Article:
10.1. HSE training programmes such as HSELanD, for example, should continue to be made available to private nursing homes and an appropriate governance structure established
11.1. Every nursing home should be linked with the Community Palliative Care Team in their area
12.1. HPSC should proactively/regularly review visiting guidelines in order to achieve a balance between individual freedoms and protective public health measures, in line with Department of Health ethical guidance
13.1. Meaningful communications with residents and families should take place regularly in relation to visiting protocol, changes in processes and explanations relating to same
14.2. HIQA itself identified a deficit in infection control and risk management expertise in this sector. Mandatory training records including inspection control should be included consistently in the inspection process
15.1. Integration of private nursing homes into the wider framework of public health and social care should be advanced
15.2. The Department of Health and HIQA should explore introducing a requirement that all nursing home providers promote, facilitate and engage meaningfully with independent advocacy services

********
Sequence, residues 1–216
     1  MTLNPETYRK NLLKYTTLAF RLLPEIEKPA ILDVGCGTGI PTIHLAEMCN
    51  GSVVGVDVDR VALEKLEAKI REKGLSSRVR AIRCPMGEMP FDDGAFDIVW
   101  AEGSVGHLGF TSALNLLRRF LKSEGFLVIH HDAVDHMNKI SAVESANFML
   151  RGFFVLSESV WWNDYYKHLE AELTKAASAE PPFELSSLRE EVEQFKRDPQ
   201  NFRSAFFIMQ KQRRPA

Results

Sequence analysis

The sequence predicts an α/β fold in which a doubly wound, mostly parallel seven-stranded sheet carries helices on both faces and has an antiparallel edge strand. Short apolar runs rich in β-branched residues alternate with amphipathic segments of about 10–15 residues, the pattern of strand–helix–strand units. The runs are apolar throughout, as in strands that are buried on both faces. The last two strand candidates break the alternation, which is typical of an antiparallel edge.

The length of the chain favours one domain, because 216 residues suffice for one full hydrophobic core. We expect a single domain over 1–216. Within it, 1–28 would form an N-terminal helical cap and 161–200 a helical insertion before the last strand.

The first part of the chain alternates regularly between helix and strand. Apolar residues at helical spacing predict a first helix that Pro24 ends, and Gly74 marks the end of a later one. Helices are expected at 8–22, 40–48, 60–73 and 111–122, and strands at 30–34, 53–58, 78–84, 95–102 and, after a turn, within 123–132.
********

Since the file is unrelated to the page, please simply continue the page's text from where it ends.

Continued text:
Expert Panel Members:
Professor Cecily Kelleher (Chair), DMed MD MPH FRCPI FFPHMI MRIA is Principal of the College of Health and Agricultural Sciences at University College Dublin.
Professor Kelleher is Full Professor of Public Health Medicine & Epidemiology and a Former Dean of Public Health at UCD. Her research interests are in Cardiovascular and Nutrition Epidemiology and Health Promotion. She has been principal investigator of the Health Research Board Lifeways Cross-Generation Cohort Family study from 2001-present, is Lead Investigator of the Irish component of WHO Childhood Obesity Surveillance Initiative and was also Lead on the All Ireland Traveller Health Study (2007-2011). She is a former Chair of the statutory bodies, the Women’s Health Council and the Medical Bureau of Road Safety. She is currently Chair of the UCD NVRL President’s Advisory Committee and is a member of the Ireland East Hospital Group Board and the Mater Misericordiae University Hospital Board.